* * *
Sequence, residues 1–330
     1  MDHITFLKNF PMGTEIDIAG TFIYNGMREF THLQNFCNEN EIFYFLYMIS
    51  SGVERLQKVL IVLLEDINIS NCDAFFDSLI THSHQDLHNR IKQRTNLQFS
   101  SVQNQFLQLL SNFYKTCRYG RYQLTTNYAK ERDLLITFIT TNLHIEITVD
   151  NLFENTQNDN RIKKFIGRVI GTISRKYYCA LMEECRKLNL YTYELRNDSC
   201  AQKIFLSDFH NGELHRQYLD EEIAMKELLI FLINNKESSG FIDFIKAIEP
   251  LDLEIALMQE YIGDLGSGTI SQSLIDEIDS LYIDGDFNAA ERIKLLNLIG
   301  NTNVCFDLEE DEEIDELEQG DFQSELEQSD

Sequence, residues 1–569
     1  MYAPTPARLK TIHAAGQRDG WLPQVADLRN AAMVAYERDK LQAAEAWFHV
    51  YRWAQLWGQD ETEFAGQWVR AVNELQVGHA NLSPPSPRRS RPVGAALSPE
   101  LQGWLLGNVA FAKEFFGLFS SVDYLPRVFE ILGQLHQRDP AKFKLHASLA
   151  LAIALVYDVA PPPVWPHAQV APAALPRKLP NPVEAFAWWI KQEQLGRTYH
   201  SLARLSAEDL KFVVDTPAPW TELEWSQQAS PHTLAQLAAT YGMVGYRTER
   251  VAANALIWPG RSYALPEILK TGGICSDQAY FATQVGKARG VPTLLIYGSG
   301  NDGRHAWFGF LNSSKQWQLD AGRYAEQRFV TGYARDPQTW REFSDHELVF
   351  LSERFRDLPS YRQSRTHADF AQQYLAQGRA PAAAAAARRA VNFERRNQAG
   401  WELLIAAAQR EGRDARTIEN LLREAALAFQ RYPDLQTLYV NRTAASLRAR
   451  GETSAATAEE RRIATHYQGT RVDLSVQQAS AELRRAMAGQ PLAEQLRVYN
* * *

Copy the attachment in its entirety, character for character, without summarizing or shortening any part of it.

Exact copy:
Sequence, residues 1–330
     1  MDHITFLKNF PMGTEIDIAG TFIYNGMREF THLQNFCNEN EIFYFLYMIS
    51  SGVERLQKVL IVLLEDINIS NCDAFFDSLI THSHQDLHNR IKQRTNLQFS
   101  SVQNQFLQLL SNFYKTCRYG RYQLTTNYAK ERDLLITFIT TNLHIEITVD
   151  NLFENTQNDN RIKKFIGRVI GTISRKYYCA LMEECRKLNL YTYELRNDSC
   201  AQKIFLSDFH NGELHRQYLD EEIAMKELLI FLINNKESSG FIDFIKAIEP
   251  LDLEIALMQE YIGDLGSGTI SQSLIDEIDS LYIDGDFNAA ERIKLLNLIG
   301  NTNVCFDLEE DEEIDELEQG DFQSELEQSD

Sequence, residues 1–569
     1  MYAPTPARLK TIHAAGQRDG WLPQVADLRN AAMVAYERDK LQAAEAWFHV
    51  YRWAQLWGQD ETEFAGQWVR AVNELQVGHA NLSPPSPRRS RPVGAALSPE
   101  LQGWLLGNVA FAKEFFGLFS SVDYLPRVFE ILGQLHQRDP AKFKLHASLA
   151  LAIALVYDVA PPPVWPHAQV APAALPRKLP NPVEAFAWWI KQEQLGRTYH
   201  SLARLSAEDL KFVVDTPAPW TELEWSQQAS PHTLAQLAAT YGMVGYRTER
   251  VAANALIWPG RSYALPEILK TGGICSDQAY FATQVGKARG VPTLLIYGSG
   301  NDGRHAWFGF LNSSKQWQLD AGRYAEQRFV TGYARDPQTW REFSDHELVF
   351  LSERFRDLPS YRQSRTHADF AQQYLAQGRA PAAAAAARRA VNFERRNQAG
   401  WELLIAAAQR EGRDARTIEN LLREAALAFQ RYPDLQTLYV NRTAASLRAR
   451  GETSAATAEE RRIATHYQGT RVDLSVQQAS AELRRAMAGQ PLAEQLRVYN